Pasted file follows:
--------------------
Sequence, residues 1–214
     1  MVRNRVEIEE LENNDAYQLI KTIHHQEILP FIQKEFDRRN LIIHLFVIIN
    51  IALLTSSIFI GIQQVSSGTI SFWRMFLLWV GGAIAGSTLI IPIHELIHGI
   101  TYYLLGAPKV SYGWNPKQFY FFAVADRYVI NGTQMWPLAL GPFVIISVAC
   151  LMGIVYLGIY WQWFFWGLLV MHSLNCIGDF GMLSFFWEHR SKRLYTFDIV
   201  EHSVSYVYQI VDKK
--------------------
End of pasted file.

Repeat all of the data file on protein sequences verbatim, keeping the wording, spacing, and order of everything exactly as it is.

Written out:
Sequence, residues 1–214
     1  MVRNRVEIEE LENNDAYQLI KTIHHQEILP FIQKEFDRRN LIIHLFVIIN
    51  IALLTSSIFI GIQQVSSGTI SFWRMFLLWV GGAIAGSTLI IPIHELIHGI
   101  TYYLLGAPKV SYGWNPKQFY FFAVADRYVI NGTQMWPLAL GPFVIISVAC
   151  LMGIVYLGIY WQWFFWGLLV MHSLNCIGDF GMLSFFWEHR SKRLYTFDIV
   201  EHSVSYVYQI VDKK